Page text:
parties responded that they would like to inspect it. The jury was
then sworn and seated. After the trial court released the jury,
appellant's trial counsel objected to the State's use of its
peremptory challenges as follows:
"Secondly, Your Honor, with regard to the jury
selection, I just want to make a note that the juror -- the
prosecution has struck all but one of the African-Americans that were
on the panel. There's only one African-American there. They have
struck eight African-Americans from the panel. They struck 13, 21, 26,
34, 38, 39, 48, and 49. We demand that the panel be quashed because of
the way they did their striking, and they did it in a prejudicial way
by striking racially."
The prosecutor objected that the motion was
untimely. The trial Judge, however, questioned whether the prosecutor
was present when appellant's trial attorney made the objection. After
a brief Discussion as to whether the objection was preserved, the
trial court postponed argument on the motion until the next morning.
The following day, appellant's trial counsel
reminded the trial court that he asked to make objections to the
impaneling of the jury and that the court permitted him to do so after
the jury was seated. Once again, a Discussion ensued regarding when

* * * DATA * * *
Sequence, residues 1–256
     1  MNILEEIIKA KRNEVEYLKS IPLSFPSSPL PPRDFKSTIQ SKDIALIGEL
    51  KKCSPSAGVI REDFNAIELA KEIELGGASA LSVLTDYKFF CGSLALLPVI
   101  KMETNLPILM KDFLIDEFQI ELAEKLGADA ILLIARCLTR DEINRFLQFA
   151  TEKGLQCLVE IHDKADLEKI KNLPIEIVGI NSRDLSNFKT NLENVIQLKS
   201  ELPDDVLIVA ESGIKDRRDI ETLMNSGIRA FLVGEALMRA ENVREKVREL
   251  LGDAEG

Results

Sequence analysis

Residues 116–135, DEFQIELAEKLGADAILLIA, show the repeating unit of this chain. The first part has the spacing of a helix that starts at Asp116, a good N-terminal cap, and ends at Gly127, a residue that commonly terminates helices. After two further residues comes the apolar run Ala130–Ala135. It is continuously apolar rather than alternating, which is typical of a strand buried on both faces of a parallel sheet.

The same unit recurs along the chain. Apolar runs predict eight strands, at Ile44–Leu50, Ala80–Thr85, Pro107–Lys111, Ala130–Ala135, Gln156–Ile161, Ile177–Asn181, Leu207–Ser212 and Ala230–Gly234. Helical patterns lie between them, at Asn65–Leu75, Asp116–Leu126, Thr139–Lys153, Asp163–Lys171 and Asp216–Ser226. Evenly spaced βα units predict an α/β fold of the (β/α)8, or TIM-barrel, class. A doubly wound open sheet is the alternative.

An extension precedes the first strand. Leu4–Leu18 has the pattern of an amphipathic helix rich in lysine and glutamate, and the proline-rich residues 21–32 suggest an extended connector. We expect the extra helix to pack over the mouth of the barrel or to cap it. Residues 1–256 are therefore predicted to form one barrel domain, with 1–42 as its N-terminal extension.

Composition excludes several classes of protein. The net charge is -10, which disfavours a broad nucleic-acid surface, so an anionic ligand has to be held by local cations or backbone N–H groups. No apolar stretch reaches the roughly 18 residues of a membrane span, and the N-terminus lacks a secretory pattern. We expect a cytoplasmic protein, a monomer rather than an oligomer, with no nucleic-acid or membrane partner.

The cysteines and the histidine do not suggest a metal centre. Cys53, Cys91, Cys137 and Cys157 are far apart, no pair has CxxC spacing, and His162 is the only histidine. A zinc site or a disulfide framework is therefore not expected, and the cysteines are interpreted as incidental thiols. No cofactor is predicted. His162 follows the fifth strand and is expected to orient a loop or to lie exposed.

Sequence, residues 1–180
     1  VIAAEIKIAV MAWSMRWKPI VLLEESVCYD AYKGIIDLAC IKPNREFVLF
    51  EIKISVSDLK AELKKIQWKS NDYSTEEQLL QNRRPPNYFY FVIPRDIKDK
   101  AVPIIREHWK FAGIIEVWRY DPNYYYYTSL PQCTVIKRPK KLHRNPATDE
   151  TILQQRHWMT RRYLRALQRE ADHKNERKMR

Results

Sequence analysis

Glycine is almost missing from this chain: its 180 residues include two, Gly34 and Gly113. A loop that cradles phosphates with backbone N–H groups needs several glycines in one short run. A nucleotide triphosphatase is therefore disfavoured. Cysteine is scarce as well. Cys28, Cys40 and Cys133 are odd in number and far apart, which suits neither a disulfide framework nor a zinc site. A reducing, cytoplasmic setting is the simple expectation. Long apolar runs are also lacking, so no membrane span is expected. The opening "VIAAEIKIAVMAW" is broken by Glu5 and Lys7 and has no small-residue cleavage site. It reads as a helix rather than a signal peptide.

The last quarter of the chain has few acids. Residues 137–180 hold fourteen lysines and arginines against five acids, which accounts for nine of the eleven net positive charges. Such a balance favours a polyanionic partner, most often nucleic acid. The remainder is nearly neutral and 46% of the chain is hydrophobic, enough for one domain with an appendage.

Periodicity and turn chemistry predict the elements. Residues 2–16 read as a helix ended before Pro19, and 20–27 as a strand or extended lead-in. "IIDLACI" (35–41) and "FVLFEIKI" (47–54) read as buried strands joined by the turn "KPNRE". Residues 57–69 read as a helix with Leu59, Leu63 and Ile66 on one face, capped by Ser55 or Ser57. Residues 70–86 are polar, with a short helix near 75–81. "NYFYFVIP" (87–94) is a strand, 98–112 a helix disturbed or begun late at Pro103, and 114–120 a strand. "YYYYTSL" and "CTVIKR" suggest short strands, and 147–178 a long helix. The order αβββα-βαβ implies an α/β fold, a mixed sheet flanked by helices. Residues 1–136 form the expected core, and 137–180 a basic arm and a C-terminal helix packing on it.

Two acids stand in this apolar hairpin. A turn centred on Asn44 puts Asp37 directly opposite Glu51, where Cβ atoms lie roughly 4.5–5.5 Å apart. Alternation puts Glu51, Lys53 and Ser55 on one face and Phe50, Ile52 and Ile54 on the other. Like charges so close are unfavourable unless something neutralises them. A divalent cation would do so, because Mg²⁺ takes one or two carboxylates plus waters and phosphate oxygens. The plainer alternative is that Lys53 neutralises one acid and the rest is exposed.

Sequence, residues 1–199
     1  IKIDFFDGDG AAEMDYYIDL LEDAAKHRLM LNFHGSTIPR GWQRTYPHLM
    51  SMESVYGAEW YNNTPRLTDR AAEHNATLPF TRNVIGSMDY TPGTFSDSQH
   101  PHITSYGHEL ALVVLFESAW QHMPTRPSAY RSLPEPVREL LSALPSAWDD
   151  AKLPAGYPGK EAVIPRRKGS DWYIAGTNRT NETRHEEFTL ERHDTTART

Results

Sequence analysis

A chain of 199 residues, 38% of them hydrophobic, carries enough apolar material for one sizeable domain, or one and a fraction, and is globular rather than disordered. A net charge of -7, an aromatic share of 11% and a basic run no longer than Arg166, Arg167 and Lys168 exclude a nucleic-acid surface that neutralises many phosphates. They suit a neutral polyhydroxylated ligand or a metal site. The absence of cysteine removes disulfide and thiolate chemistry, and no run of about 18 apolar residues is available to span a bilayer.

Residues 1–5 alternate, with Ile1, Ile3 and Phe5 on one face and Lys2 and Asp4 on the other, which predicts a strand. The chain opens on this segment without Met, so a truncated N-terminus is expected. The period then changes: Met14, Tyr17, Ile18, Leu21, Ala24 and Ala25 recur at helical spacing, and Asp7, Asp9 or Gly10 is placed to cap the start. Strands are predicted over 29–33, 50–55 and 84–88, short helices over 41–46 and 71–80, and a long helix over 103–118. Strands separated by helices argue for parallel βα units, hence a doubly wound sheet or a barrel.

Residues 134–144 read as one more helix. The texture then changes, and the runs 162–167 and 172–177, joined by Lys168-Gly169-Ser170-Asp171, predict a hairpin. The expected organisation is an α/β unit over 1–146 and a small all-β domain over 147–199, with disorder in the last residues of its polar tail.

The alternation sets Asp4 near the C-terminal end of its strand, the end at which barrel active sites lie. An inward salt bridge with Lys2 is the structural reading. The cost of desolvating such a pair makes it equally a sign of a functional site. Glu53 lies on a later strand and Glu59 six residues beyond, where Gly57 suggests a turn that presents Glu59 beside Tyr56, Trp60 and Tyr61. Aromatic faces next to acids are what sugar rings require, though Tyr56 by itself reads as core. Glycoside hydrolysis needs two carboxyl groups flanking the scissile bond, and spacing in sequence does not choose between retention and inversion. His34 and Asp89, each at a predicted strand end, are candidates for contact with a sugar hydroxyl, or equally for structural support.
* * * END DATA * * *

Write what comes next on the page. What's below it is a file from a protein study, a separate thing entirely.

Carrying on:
appellant's trial counsel made the Batson challenge and whether the
trial court permitted him to make objections to the impaneling of the
jury after the jury was seated. Appellant's trial counsel finally
admitted, "Your Honor, let me say this: I had no inclination as to
pass the challenge because I hadn't seen the color of the faces; and
then, as they were seated, at the time that they did, I knew that I
should do that, and I made it." Without deciding whether the objection
was preserved, the trial Judge allowed appellant's trial counsel to
renew his Batson challenge. The prosecutor once again objected,
stating the challenge was untimely. When asked, the prosecutor
declined the opportunity to state the reasons for striking the
African-American venire members and objected that appellant had not
met her burden to establish a prima facie case. After hearing
argument, the trial court denied appellant's motion to quash the
The record shows that appellant's trial attorney
did not make a Batson challenge until after the jury was seated and
sworn. Still, appellant contends the challenge was timely. She implies
the parties discussed the Batson challenge during an unrecorded bench
conference, thus explaining the trial court's response that the
prosecutor who objected to the challenge was not present when the
objection was made.
*fn1 "Such supposition on the part of this